The icy hands of fear weighed heavy on the bone
I turned and travelled quickly down the track
Which grass will cover by and by
Down the lonely volley; once I looked back
And saw a waste of stones against an angry sky.
Many years later, in New Year Letter (1941), Auden describes this same stone-dropping moment as (in Dr Bucknell’s words) ‘the seminal moment of his life as a civilised human being and as an artist’:
In Rookhope I was first aware
Of Self and Not-self, Death and Dread:
Adits were entrances which led
Down to the Outlawed, to the Others,
The Terrible, the Merciful, the Mothers;
Alone in the hot day I knelt
Upon the edge of shafts and felt
The deep Urmutterfurcht that drives
Us into knowledge all our lives,
The far interior of our fate
To civilise and to create
Das Weibliche that bids us come
To find what we’re escaping from.
In 1924, the boy-poet had to make do with ‘the icy hands of fear’, the ‘angry sky’. The experience was his; the words, though, had to come from stock. And there was no point in calling on his usual masters – as he discovered a year later, when he had another try; this time with an assist from Robert Frost:
Like other men, when I go past
A mine shaft or a well,
I always have to stop and cast
A stone to break the spell
Of wondering how deep they go;
And if the clatter end
Too soon, turn grieved away as though
Mistaken in a friend.
In 1925, Auden went to Oxford and there discovered The Waste Land. ‘I now see the way I want to write,’ he told his tutor, Nevill Coghill, a year later. He had, he said, torn up all his early poems ‘because they were no good.’ There would be no further sub-Georgian trysts with Mother Nature. ‘Man’s got to assert himself against Nature ... I hate sunsets and flowers ... I loathe the sea. The sea is formless.’ The poet had a choice between Nature and Geometry. From now on, Auden would be geometrical, a Modernist, an individual talent who, by his apprenticeships, had already digested a fair dose of the tradition. Not only that: he was a scientist. In his first year at Oxford he read Natural Sciences and in literary circles he was once again able to parade his ‘clinical’ credentials. As Isherwood amusingly recalled, he ‘was peculiarly well equipped for playing the Waste Land game’.
For Eliot’s Dante-quotations and classical learning, he substituted oddments of scientific, medical and psychoanalytical jargon: his magpie brain was a hoard of curious and suggestive phrases from Jung, Rivers, Kretschmer and Freud. He peppered his work liberally with such terms as ‘eutectic’, ‘sigmoid curve’, ‘Arch-Monad’, ‘gastropod’; seeking thereby to produce what he himself described as a ‘clinical’ effect. To be ‘clinically minded’ was, he said, the first duty of a poet. Love wasn’t exciting or romantic or even disgusting; it was funny. The poet must handle it and similar themes with a wry, bitter smile and a pair of rubber surgical gloves. Poetry must be classic, clinical and austere.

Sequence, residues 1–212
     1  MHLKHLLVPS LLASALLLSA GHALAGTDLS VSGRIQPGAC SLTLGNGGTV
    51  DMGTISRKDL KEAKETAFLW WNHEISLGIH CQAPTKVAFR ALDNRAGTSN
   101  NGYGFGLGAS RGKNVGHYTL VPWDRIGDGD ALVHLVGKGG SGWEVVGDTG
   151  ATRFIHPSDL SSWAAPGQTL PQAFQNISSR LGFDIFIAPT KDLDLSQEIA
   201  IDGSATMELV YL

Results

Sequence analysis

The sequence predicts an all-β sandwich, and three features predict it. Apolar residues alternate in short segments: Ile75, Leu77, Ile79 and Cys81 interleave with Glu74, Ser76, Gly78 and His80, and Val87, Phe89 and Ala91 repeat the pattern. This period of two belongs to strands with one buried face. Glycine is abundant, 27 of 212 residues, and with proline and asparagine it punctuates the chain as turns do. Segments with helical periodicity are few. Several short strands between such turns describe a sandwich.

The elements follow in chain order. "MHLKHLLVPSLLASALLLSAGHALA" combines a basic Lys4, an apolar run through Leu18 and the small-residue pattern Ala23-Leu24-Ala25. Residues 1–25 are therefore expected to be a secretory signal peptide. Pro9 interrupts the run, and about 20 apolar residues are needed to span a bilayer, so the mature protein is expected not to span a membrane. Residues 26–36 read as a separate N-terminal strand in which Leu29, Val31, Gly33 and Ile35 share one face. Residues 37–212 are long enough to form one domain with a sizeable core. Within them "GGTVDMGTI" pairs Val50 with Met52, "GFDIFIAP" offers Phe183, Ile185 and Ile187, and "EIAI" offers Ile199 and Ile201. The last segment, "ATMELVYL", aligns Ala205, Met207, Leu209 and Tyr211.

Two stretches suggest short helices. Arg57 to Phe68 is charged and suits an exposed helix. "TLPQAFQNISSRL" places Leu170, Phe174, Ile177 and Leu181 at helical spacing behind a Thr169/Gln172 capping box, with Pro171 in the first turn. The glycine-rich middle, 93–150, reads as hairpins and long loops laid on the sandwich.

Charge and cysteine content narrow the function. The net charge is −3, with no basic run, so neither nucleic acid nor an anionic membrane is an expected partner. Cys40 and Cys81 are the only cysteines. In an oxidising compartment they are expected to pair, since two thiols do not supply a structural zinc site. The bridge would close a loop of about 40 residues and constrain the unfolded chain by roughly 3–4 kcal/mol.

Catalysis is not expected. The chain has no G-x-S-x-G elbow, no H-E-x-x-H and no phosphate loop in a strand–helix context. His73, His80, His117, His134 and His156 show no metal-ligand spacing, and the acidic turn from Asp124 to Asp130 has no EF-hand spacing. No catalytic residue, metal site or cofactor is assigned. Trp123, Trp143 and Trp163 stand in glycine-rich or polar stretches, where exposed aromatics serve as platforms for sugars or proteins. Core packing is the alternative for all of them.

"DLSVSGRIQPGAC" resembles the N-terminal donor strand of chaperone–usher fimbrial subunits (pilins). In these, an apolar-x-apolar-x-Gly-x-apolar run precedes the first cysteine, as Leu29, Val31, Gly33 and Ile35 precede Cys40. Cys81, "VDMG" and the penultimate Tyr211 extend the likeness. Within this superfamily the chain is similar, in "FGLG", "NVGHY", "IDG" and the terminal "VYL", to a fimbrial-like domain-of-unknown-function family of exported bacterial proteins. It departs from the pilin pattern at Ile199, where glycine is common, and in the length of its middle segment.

Auden’s sub-Eliot period – as Isherwood suggests – is by far the most irritating stretch of his development, and is made even more so when he begins mixing in elements from Edith Sitwell. But it is also the first phase of his liberation, the phase that shows him beginning to itch for his own authoritative tones. His earlier enslavements induced pallor, correctness and humility. Eliot, though, taught him how to strut.
Eliot’s direct domination lasted for about a year and when it was over Auden was ready to step out on his own. By 1928, he had left Oxford where – he said – he would never have ‘found my own voice ... as long as I remained there I would remain a child.’ He had read Anglo-Saxon, he had been to Berlin, he had dabbled in psychoanalysis and briefly been enchanted by the later Yeats – the style, not the ideas. These were some of the ingredients: the recipe remains unknown. What we do know is that, some time in 1927 to 1928, Auden suddenly discovered Audenesque. His privately-printed Poems (1928), reprinted here as juvenilia, was not altogether free of Eliotic affectations, nor of other echoes, but it was in essence unmistakably his own. The Auden landscape was more or less in place and so too were the telegraphese, the admonitory rhetoric, the throat-grabbing opening lines: ‘Consider if you will how lovers stand’; ‘Taller today, we remember similar evenings’: ‘Control of the Passes was, he saw, the key.’ Many lines, fragments and whole poems from the 1928 book would soon reappear in Auden’s Poems (1930) – one of the century’s most weirdly original first books. Thanks to Katherine Bucknell, we can now ponder in detail how he got there: by way of what must be one of the century’s most rigorous and self-humbling trainee schemes – a five-year commitment to the second-hand. And in the end the mystery is still happily intact. Auden’s boy-poetry is good to have, and Dr Bucknell has edited the book with exemplary thoughtfulness and skill, but there is nothing at all in it to bring cheer to a boy-poet.